New AUA guidelines shine spotlight on interstitial cystitis

This year's AUA annual meeting will bring an important first for interstitial cystitis: AUA will be issuing guidelines for diagnosis and treatment.

Key Points

This year's AUA annual meeting will bring an important first for interstitial cystitis: AUA will be issuing guidelines for diagnosis and treatment.

"Pharmaceutical companies perceive a huge unmet need and a market that's bigger than had previously been thought," Philip M. Hanno, MD, MPH, professor of urology at the University of Pennsylvania, Philadelphia, told Urology Times.

"Monday [May 31] is going to be a big day for IC," Dr. Hanno said. The plenary session on that day will reflect these developments.

New monoclonal antibody

Leading off discussion about IC that day will be Robert Evans, MD, from Wake Forest University, Winston-Salem, NC, who will present late-breaking news about a promising new approach to treating IC pain with monoclonal antibodies. Dr. Evans is an investigator in the trials of Pfizer's tanezumab (RN624) for IC and will be presenting some data from preliminary trials of this monoclonal antibody against nerve growth factor. (Also see, "Agent shows early promise in relieving IC-related pain,"

Soon after that, IC experts will discuss how views of the syndrome are changing and what's happening to the terminology for the condition. Dr. Hanno and European urologists have proposed changing the now commonly used term IC/painful bladder syndrome to bladder pain syndrome, which they believe better reflects a focus on pain and pain treatment. In addition to diagnosis and treatment, the new guidelines may also address this terminology issue.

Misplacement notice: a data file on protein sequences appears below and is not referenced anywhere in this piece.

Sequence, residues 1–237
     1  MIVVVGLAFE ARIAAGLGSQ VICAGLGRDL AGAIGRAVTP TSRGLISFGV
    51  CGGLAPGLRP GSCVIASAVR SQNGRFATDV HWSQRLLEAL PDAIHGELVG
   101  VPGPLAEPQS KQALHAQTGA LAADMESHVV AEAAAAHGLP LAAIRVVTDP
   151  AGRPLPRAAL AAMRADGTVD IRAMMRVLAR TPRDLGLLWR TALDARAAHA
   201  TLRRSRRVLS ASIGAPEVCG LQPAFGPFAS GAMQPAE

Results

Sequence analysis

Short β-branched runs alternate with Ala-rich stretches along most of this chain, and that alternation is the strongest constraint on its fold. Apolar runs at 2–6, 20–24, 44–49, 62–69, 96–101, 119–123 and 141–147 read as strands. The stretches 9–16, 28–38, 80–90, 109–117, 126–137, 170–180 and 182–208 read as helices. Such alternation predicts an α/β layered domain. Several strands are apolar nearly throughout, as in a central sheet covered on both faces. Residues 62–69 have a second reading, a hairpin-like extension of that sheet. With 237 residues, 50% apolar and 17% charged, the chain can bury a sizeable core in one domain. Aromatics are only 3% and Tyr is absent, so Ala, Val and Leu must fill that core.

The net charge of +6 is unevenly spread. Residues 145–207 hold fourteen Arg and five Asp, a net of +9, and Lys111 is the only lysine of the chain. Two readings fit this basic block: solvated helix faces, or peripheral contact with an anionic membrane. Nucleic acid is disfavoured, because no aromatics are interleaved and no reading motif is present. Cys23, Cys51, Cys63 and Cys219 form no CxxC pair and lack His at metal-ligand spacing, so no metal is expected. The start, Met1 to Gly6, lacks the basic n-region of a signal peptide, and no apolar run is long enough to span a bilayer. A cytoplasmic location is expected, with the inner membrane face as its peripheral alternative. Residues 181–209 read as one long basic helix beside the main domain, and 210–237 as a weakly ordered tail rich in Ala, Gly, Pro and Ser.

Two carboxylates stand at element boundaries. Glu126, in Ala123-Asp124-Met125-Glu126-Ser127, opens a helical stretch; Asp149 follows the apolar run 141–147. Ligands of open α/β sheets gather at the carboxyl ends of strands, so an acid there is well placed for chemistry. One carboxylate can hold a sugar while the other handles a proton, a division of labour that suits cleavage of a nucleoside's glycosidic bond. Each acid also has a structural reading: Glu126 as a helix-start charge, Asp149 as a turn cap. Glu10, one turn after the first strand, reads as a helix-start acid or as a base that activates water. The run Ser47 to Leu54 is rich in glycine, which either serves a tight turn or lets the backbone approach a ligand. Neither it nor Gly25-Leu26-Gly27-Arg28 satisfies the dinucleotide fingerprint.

Only a short time later, Dr. Hanno will present the new guidelines at the plenary session. (If you want to get the news even earlier, visit the AUA pavilion in the Exhibit Hall on Saturday, May 29 at 2 pm.)

"They're going to be a starting point for where we are now, what we recommend, and where things may go. They're open to changes in the future as we get more knowledge," he said.

Updated data on physical therapy

Monday's podium session on IC also will also yield valuable treatment news for clinicians. Dr. Hanno made special note of the presentation of the National Institute of Diabetes and Digestive and Kidney Diseases-sponsored trial of physical therapy in women with IC. Its title is telling: "Randomized multicenter clinical trial shows efficacy of myofascial physical therapy in women with interstitial cystitis/painful bladder syndrome (PBS)."

It follows on the study, presented last year, of the feasibility of a trial of physical therapy for the high-tone pelvic floor muscle dysfunction often seen in IC. The cleverly designed trial proved to be one that could show whether this type of therapy has value, and now urologists will be learning just how valuable that therapy has been shown to be.

"When done according to the protocol in the study, it appears to be quite effective in improving symptoms, and it's something we can add to the armamentarium of treatment," said Dr. Hanno. He stressed the importance of having an experienced therapist to administer it, noting that the protocol is quite different from the type of pelvic floor physical therapy that has become the standard for problems related to low tone, such as incontinence.